on April 14 2013
||A coat of paint not only creates an attractive appearance for years to come, it also protects exterior surfaces from moisture, fading and temperature changes. A high-quality paint will provide better protection, complete coverage, easier application and longer-lasting results. When it comes to buying paint, you have lots of choices, some determined by your application and others that are based solely on your preference.
Before you learn about all of the options available to you, use the following questions to focus in on the needs of your project:
• What types of exterior surfaces do you plan to paint?
• Are they chalky or layered with previous coats of oil paint?
• Are you painting bare wood, metal or concrete?
• Does the surface require frequent cleaning or have imperfections?
Quality, Types, Tips and Primer
High-quality paint is important for any project, but it is especially important for exterior projects, which are subjected to harsh weather conditions day in and day out. Take some time to consider long-term benefits of better paints in addition to their initial cost. A good paint will require fewer coats and last longer, saving you money and time in the long run.
Water-Based vs. Oil-Based:
In general, water-based paints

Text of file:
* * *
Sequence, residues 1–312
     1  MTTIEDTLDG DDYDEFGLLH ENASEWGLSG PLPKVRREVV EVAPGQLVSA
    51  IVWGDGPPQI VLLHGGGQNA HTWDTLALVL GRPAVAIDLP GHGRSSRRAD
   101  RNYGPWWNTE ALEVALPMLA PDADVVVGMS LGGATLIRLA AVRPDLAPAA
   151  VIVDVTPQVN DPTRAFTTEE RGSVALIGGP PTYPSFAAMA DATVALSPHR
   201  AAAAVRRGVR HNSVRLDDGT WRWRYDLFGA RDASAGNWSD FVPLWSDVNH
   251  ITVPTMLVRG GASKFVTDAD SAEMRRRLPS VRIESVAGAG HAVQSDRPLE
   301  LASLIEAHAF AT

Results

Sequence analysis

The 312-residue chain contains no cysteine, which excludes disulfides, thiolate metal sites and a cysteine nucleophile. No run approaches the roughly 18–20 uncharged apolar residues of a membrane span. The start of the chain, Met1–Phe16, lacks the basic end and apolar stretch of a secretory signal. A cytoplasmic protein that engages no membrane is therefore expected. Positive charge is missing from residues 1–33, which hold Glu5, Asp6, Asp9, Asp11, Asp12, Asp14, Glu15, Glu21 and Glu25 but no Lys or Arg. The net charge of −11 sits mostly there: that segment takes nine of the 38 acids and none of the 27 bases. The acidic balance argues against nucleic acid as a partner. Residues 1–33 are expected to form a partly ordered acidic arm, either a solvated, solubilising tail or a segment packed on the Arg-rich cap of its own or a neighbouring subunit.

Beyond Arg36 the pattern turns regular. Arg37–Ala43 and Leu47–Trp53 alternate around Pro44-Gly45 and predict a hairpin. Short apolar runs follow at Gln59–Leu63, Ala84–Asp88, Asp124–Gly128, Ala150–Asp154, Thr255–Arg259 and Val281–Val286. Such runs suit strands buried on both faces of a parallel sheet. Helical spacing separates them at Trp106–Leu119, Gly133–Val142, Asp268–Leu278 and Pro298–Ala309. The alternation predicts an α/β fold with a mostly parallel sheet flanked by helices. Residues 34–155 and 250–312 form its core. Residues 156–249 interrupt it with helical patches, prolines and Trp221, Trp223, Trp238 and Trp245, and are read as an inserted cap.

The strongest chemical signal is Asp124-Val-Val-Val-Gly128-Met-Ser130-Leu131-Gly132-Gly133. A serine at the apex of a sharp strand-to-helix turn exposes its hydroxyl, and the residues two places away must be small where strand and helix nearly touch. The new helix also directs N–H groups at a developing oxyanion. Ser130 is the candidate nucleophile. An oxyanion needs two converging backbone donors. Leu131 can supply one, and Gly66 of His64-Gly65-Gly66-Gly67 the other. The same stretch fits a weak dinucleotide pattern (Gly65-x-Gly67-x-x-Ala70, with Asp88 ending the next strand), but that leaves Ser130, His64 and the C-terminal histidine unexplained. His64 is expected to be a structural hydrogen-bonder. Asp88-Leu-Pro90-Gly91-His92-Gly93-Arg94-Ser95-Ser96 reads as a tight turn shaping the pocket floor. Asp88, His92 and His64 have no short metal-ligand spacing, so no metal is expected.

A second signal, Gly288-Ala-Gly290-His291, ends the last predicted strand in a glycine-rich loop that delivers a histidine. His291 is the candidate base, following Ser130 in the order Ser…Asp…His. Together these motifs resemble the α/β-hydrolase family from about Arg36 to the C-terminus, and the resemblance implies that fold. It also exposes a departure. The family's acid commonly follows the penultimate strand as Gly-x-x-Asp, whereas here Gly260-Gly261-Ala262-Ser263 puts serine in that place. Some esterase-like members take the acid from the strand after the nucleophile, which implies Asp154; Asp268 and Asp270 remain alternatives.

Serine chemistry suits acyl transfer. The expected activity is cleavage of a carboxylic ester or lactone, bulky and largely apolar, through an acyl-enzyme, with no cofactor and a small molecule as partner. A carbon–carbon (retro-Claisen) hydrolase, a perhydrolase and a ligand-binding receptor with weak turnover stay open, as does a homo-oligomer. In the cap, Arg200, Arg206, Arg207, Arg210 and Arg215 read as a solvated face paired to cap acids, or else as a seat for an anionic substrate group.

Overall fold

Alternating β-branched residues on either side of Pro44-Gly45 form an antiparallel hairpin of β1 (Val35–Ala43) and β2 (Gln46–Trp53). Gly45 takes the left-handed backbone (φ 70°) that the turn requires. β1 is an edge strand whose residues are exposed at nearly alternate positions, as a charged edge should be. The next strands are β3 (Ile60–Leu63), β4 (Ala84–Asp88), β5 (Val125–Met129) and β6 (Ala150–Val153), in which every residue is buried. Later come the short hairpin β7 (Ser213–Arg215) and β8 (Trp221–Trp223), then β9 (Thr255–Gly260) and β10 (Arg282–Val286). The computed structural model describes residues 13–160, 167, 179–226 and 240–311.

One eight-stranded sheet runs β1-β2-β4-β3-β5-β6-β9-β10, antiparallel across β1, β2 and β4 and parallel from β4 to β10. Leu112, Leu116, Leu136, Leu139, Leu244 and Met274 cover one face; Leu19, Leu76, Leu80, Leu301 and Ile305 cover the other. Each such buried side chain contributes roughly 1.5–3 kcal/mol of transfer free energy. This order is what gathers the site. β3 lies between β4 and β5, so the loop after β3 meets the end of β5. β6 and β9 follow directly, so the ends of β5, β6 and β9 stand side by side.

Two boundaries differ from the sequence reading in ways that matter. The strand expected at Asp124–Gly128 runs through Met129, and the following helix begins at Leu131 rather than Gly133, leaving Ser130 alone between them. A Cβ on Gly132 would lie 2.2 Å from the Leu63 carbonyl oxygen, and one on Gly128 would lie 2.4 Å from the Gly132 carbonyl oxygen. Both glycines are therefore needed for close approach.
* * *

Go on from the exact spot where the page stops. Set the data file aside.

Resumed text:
are preferred for most exterior applications, but oil-based paints
may perform better under certain conditions. Water-based paints are flexible enough to expand and contract with the siding on a house, they are breathable, so they won’t trap moisture and crack or peel, and they dry significantly faster. Oil paints usually take between 8 and 24 hours to dry, while water-based paints dry in just 1 to 6 hours. Oil-based paints offer better adhesion and stain blocking, so they are better for chalky surfaces, stained surfaces, bleeding woods (tannin or sap) and metals that rust.
• Water-based paint can be applied over oil-based paint, but oil-based paint shouldn’t be applied
• On surfaces with four or more coats of oil paint, stick with oil, since a
water-based paint may cause the oil paint to pull away and crack
• Latex paints with an all-acrylic binder hold up to weather better than
latex paints with a vinyl-acrylic binder